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Special Report

Possession at 20

NAB: Do you have books that you haven’t read?

ASB: Not before. Now I do. I’ve got quite a lot of books that I haven’t read, and these are of two kinds, three kinds really. They’re the ones I’ve bought because I know I need them for my research, and I haven’t yet got round to reading them. There are the ones I’ve bought because they look quite interesting, and I haven’t got around to reading those as well. And then there are the ones that people send me, and in my position you get sent hundreds of books. Some of them come from the author saying, “Please write something for the back of my book.” Some of those come from the publisher. One came from my own publisher not long ago.

The only way I can deal with all of this is to write back to absolutely every single one, even my best friend, and say, “No, I will not write anything on the back of anybody’s book, ever.” And I say that if I write a review, then obviously you can quote my review, but that’s public. I don’t like the private back scratching, and also the only way I can cope with the people is to make it quite clear to them that I won’t even consider it.

NAB: Briefly, to get back to Possession, was that a liberating book for you in that it’s been called the breakthrough book?

ASB: Yes, it was a breakthrough book, and it was a liberating book, partly because it actually was quite easy to write—although it looks very complicated—and partly because everybody liked it so much. Almost nobody disliked it, as far as I can see, which ought to make one a bit suspicious of it.

NAB: Are you fearful of so much public approbation?

ASB: Well, what I feel is that after that much public approbation, this sort of cut-and-thrust young journalist will decide that you need taking down a peg or two, that you need to be cut down to size. They think somehow that because you have been well received you must now be mocked, and this is very tedious. I’ve seen it happen to other people so much that I know it’s not personal.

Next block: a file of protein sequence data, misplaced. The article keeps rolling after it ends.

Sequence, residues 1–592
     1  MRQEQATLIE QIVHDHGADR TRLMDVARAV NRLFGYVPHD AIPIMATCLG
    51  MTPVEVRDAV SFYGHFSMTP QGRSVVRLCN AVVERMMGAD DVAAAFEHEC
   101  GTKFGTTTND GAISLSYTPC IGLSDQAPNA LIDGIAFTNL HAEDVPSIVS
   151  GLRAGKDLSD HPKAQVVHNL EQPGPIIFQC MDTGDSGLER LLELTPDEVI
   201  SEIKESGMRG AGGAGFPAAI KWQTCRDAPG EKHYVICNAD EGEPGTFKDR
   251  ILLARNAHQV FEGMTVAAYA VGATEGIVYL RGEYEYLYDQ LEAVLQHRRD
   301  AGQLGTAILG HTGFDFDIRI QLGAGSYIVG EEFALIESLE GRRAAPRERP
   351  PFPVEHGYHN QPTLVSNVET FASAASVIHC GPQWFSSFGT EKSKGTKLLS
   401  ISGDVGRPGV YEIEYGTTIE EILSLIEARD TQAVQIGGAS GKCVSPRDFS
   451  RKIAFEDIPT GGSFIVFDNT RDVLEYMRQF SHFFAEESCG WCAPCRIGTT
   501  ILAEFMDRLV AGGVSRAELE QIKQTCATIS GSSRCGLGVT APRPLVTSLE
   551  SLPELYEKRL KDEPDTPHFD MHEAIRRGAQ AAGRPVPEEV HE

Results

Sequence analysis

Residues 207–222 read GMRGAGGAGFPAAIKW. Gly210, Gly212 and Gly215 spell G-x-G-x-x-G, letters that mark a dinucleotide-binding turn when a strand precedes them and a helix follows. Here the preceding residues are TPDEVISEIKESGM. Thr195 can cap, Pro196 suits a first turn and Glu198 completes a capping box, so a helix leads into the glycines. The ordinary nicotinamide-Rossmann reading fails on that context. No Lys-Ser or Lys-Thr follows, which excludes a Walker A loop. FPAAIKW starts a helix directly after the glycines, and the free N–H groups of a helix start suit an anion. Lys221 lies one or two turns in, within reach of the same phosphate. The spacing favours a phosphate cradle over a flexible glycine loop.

I’m not very good at being famous. On the whole, I would much rather be at home writing a book than being on a book tour. But it is nice having the money, apart from anything else.

NAB: What do you feel about books in the future? Do you have a sense?

ASB: I have two or three contradictory senses. I tell you, if you haven’t happened to already have heard or seen it, George Steiner has been giving a brilliant series of lectures on books of the future. He gave a brilliant one I heard in Cambridge last summer, and he has a son who teaches—I think this is right—he has a son who teaches disadvantaged children in North Carolina, and he goes there with holograms and CD-ROMs. He can offer them the whole of the Library of Congress and the whole of the British Library on these CD-ROMs, although these kids do not have the money to buy a book, and he said this is good. And he has a daughter who is an anthropologist or some sort of something, or Sinologist, I forget, but she is somewhere in Harvard or Yale, and she enviously communicates her papers by sticking them into the Internet and immediately getting comments back on e-mail. She’s connected into the major people. Now this obviously is going to make a physical book less necessary, but I still think there will be physical books, because I think people will continue to want to carry them about in their pockets and read them in airplanes.

NAB: Were you surprised by the American reaction to Possession?

ASB: No, I don’t think I was. I always felt that my earlier books, if they had gone into paperback, the Americans would have liked them. And in fact when they did go into paperback, the Americans did like them. One of the good results of Possession was that Still Life then went into paperback and sat on the New York Times paperback bestseller list for quite a long time, which was unexpected. Nobody had bothered to put it into print. I think the thing about Possession appealing to the Americans that most pleased me was that they do seem to like all the others. All the others are now in print, and they are staying in print.

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©2010 Nicholas A. Basbanes. All Rights Reserved. Used with permission of the author.

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